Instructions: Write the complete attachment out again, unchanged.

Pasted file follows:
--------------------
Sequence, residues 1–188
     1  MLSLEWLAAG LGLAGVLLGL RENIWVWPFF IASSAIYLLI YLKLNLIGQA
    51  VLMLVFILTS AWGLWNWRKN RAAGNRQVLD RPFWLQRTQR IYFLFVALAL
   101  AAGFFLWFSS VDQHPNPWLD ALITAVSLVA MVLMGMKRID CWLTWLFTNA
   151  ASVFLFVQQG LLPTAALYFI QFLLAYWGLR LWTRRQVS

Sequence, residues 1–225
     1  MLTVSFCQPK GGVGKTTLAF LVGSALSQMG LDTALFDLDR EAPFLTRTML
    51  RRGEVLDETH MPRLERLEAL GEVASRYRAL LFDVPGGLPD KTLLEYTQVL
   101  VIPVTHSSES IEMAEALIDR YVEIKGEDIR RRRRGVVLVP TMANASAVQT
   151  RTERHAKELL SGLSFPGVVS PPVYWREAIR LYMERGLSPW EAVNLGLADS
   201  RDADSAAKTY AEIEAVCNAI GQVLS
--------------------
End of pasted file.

Sequence, residues 1–188
     1  MLSLEWLAAG LGLAGVLLGL RENIWVWPFF IASSAIYLLI YLKLNLIGQA
    51  VLMLVFILTS AWGLWNWRKN RAAGNRQVLD RPFWLQRTQR IYFLFVALAL
   101  AAGFFLWFSS VDQHPNPWLD ALITAVSLVA MVLMGMKRID CWLTWLFTNA
   151  ASVFLFVQQG LLPTAALYFI QFLLAYWGLR LWTRRQVS

Sequence, residues 1–225
     1  MLTVSFCQPK GGVGKTTLAF LVGSALSQMG LDTALFDLDR EAPFLTRTML
    51  RRGEVLDETH MPRLERLEAL GEVASRYRAL LFDVPGGLPD KTLLEYTQVL
   101  VIPVTHSSES IEMAEALIDR YVEIKGEDIR RRRRGVVLVP TMANASAVQT
   151  RTERHAKELL SGLSFPGVVS PPVYWREAIR LYMERGLSPW EAVNLGLADS
   201  RDADSAAKTY AEIEAVCNAI GQVLS